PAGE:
The Biden administration’s First Lady March leads directly to the Supreme Court’s move on Saturday. It is part of a national protest that calls for continued access to abortion for years at a time when conservative legislators and judges put abortion at risk.
Before the march, thousands of women filled the square for a rally near the White House. The messages contained several wavy signs such as “be careful with your womb,” “I love people who have abortions,” and “abortion is a personal choice, not a legal debate.” There is.
Some wore only T-shirts labeled “1973”, a reference to the unprecedented decision by Roe v. Wade that legalized abortion for generations of American women.
Elaine Baijal, a 19-year-old American University student, took a photo of her cell phone with her friend and her sign at the start of the event. She said that he told her that her mother would come to march with her mother for legal abortion in the 1970s.
“It’s sad that I still have to fight for my rights after 40 years, but it’s a tradition I want to continue,” Badger said of the march.
According to organisers, the March on Washington will be one of hundreds of abortion-themed protests across the country on Saturday. The demonstration will take days before a new Supreme Court term begins to determine the future of abortion rights in the United States, after President Donald Trump’s appointment of a judge tightened conservative control of the High Court.
Rachel O’Leary Carmona, secretary general of the Women’s March, said in a statement that the march was part of a “fight to secure, protect and strengthen the constitutional rights to abortion.” .. “And it is a fight against Supreme Court judges, state legislators and senators who are not on our side or are acting with the urgency needed at this time.”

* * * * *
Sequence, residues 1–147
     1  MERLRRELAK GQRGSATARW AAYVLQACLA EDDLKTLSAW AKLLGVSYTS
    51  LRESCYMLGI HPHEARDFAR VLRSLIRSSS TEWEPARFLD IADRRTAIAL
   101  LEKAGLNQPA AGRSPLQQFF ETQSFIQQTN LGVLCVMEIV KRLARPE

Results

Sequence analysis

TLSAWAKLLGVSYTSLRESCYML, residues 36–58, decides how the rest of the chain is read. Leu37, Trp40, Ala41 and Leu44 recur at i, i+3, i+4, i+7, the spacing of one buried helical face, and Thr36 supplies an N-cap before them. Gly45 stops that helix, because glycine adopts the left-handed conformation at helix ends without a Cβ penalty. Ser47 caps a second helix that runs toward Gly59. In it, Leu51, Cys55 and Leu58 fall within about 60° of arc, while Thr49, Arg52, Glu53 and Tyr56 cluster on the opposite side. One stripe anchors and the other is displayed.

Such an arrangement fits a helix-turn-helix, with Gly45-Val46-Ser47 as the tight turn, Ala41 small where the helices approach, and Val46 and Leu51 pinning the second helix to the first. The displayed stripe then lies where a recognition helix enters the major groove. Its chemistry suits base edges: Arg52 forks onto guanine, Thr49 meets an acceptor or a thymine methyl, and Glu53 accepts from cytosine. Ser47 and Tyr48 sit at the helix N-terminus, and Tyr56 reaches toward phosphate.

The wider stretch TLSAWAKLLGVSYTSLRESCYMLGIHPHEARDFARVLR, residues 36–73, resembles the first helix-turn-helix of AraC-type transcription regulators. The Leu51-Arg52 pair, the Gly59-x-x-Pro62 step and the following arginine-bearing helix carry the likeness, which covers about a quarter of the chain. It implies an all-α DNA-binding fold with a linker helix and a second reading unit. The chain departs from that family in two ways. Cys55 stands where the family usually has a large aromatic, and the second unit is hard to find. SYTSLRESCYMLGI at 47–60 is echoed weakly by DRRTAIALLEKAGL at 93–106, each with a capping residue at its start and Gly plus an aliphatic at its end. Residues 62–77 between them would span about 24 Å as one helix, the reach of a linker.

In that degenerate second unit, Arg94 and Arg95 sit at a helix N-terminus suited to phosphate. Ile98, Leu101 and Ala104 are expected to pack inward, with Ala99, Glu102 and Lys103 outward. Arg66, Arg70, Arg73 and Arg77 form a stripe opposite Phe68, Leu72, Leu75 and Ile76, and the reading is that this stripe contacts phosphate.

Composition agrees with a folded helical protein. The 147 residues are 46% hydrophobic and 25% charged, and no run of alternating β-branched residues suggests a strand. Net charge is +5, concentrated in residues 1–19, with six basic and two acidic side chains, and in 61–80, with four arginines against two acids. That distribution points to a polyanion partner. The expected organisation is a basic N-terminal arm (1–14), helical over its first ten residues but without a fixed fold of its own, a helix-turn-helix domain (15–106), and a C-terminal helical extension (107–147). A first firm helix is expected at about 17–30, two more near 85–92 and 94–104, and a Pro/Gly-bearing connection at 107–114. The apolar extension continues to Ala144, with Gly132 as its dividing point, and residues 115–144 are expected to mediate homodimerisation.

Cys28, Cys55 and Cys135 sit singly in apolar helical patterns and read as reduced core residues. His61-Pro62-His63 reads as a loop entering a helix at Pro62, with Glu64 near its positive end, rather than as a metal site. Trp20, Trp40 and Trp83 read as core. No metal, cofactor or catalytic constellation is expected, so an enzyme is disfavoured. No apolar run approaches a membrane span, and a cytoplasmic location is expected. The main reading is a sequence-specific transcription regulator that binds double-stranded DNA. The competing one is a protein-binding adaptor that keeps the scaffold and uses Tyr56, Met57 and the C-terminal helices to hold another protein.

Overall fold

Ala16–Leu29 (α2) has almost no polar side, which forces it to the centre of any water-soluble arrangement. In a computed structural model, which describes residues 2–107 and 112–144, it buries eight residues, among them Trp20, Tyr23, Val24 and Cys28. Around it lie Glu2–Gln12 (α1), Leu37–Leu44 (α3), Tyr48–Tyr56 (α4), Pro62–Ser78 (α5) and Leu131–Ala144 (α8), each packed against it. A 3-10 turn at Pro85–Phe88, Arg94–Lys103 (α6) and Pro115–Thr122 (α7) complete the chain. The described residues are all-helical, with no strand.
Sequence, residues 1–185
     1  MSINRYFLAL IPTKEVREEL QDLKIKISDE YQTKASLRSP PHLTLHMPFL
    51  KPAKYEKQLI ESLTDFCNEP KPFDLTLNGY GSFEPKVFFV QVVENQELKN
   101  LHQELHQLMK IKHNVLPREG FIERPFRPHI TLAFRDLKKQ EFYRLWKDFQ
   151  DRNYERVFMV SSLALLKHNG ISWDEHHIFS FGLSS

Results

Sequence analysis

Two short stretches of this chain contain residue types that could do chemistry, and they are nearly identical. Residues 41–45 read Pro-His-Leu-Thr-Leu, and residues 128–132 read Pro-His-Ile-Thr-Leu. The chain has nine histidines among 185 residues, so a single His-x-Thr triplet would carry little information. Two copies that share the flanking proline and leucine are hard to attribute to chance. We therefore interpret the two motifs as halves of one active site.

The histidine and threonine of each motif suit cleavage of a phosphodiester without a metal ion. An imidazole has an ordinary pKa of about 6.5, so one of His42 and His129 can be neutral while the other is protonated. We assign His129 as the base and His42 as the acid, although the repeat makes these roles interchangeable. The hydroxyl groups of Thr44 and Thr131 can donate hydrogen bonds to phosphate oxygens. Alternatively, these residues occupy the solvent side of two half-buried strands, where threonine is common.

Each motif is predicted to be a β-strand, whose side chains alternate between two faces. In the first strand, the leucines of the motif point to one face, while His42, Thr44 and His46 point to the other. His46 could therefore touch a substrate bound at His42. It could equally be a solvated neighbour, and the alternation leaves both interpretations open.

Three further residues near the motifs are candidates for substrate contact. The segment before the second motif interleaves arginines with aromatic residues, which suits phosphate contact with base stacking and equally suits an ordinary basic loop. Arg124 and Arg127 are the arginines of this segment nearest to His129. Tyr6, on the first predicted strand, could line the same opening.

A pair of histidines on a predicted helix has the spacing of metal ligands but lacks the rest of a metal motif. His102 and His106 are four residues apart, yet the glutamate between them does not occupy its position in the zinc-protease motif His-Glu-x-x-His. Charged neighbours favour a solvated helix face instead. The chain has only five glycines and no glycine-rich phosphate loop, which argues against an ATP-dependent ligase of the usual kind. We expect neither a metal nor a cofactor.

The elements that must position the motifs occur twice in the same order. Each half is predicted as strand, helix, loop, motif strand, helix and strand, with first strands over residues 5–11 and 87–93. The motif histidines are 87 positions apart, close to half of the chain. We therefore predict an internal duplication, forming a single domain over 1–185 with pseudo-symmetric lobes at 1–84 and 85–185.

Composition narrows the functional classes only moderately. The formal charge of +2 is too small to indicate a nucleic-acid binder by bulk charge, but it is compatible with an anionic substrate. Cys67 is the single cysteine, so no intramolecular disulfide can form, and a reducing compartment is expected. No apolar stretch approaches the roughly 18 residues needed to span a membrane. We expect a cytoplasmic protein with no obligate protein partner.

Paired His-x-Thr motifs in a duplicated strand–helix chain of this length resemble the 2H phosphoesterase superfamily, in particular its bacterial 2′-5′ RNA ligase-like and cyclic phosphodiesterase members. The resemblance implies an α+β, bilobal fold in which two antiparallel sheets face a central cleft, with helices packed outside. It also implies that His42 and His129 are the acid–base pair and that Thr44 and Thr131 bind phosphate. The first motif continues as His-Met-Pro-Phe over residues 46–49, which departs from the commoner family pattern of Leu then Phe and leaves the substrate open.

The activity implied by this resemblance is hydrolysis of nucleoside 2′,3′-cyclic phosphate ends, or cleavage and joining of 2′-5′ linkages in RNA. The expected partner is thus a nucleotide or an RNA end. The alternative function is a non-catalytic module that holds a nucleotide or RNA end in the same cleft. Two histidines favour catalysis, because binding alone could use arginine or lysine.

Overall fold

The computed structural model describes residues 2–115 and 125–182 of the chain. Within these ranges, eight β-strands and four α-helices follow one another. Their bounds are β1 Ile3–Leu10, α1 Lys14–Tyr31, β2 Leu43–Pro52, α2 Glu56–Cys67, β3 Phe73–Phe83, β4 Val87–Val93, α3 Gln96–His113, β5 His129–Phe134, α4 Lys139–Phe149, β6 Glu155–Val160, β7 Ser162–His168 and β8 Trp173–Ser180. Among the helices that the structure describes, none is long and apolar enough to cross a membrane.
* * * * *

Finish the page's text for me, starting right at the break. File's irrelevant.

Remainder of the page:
The march comes on a day the Biden administration has asked federal judges to block the most restrictive abortion law in the United States, which has banned most abortions in Texas since early September. It is one of a series of cases that give the country the opportunity of a divided High Court to uphold or dismiss the Roe v. Wade case.
Texas law was the speaker’s focus. Planned Parenthood-Child president Alexis McGill Johnson, nationally, was forced to drive across state borders for hours to terminate her pregnancy weeks after a Texas law came into force. talked about women.
“Times are dark… but so here we are,” Johnson told the crowds in Freedom Square and the surrounding streets. In his next term of Supreme Court, “Wherever you are, this fight is now at your doorstep.”
Opponents of women’s access to abortion called the theme of this year’s march “the macabre.”
“What about equal rights to the fetus?” Jean Mancini, president of the anti-abortion group called March for Life, tweeted.
The women’s march has become a regular event since millions of women emerged in the United States and around the world the day after Trump’s inauguration in January 2017, but was interrupted by a coronavirus pandemic. .. Trump approved the sentencing of a woman who had an abortion and made the appointment of a conservative judge a mission of his presidency.
Not having Trump as a central figure to push back women of different political beliefs and the pandemic still going strong, organizers said there were hundreds of thousands of participants across the country on Saturday instead of the millions in 2017. Talk about people.
Latina comedian and activist Cristela Alonzo hosted a rally in Washington on Saturday. The rally saw speeches from many supporters and providers of access to abortion. Actress Busy Phillips and swimmer Schuyler Beller were to attend.
Security in the capital was mild compared to a political rally held a few weeks earlier in support of Trump supporters imprisoned in the January 6 riots. There are no fences around the US Capitol, and the Capitol police chief said there was nothing to suggest Saturday’s rally was violent.